I learned in the elevator of Maya Angelou’s passing, and I was sooo glad I was alone. I gasped, grabbed my throat, moved closer to the screen as though I could somehow glean more by proximity. Of course, there was nothing more to learn from that little screen. Her words, on the other hand, will teach and inspire and motivate for generations to come. I cannot think of many black female writers who’ve lived such a full and wonderful life. I can’t think of many writers period who epitomized grace and whose mastery of language and storytelling managed to morph ugly things like abuse and tragedy into a strength and beauty we can all use as fuel to feed our internal fires.
RIP, legend, Maya Angelou
Still I Rise
You may write me down in history
With your bitter, twisted lies,
You may tread me in the very dirt
But still, like dust, I’ll rise…
Does my sassiness upset you?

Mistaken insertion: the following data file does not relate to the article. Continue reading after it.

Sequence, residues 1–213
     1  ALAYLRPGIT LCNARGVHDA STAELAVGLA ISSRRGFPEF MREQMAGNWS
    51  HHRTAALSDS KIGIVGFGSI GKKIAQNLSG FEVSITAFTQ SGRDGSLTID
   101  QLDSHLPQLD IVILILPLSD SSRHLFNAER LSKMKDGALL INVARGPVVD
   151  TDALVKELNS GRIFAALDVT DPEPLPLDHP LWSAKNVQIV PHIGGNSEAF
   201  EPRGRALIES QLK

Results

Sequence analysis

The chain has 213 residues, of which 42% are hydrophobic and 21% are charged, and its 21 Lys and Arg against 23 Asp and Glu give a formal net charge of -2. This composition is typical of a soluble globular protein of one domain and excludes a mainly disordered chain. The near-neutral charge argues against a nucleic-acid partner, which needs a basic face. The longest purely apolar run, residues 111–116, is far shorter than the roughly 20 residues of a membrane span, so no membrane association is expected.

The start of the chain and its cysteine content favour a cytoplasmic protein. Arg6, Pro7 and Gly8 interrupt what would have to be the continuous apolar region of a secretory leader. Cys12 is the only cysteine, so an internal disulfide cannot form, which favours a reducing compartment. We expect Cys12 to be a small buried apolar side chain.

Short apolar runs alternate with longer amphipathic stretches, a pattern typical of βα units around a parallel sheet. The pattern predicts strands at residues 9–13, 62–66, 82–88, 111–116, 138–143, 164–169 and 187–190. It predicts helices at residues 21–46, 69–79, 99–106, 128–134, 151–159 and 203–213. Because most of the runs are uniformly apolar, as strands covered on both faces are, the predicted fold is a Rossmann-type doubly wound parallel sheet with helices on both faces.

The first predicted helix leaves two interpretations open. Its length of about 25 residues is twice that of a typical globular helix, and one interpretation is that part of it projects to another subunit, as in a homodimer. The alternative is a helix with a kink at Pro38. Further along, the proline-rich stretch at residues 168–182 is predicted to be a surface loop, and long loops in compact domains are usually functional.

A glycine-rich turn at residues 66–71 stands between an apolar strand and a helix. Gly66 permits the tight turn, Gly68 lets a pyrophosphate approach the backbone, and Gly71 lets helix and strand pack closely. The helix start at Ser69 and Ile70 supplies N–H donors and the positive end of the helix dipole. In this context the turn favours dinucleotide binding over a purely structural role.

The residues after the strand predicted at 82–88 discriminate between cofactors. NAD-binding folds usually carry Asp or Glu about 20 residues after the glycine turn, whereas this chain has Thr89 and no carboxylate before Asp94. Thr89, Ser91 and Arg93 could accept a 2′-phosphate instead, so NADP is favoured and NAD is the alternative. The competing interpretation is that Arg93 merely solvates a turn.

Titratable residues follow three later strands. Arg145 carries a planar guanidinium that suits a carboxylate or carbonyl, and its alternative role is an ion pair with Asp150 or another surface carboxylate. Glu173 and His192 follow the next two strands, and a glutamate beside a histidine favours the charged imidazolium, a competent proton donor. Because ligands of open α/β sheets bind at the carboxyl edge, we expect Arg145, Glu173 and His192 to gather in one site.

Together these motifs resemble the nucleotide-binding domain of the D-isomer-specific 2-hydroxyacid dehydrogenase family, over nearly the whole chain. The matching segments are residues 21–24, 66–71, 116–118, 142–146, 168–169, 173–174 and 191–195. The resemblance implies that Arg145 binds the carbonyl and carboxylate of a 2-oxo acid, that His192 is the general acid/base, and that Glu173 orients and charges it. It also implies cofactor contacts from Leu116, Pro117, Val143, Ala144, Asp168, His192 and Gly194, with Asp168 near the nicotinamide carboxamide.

Why are you beset with gloom?
‘Cause I walk like I’ve got oil wells
Pumping in my living room.
Just like moons and like suns,
With the certainty of tides,
Just like hopes springing high,
Still I’ll rise.
Did you want to see me broken?
Bowed head and lowered eyes?
Shoulders falling down like teardrops.
Weakened by my soulful cries.
Does my haughtiness offend you?
Don’t you take it awful hard
‘Cause I laugh like I’ve got gold mines
Diggin’ in my own back yard.
You may shoot me with your words,
You may cut me with your eyes,
You may kill me with your hatefulness,
But still, like air, I’ll rise.
Does my sexiness upset you?
Does it come as a surprise
That I dance like I’ve got diamonds
At the meeting of my thighs?
Out of the huts of history’s shame
Up from a past that’s rooted in pain
I’m a black ocean, leaping and wide,
Welling and swelling I bear in the tide.
Leaving behind nights of terror and fear
Into a daybreak that’s wondrously clear
Bringing the gifts that my ancestors gave,
I am the dream and the hope of the slave.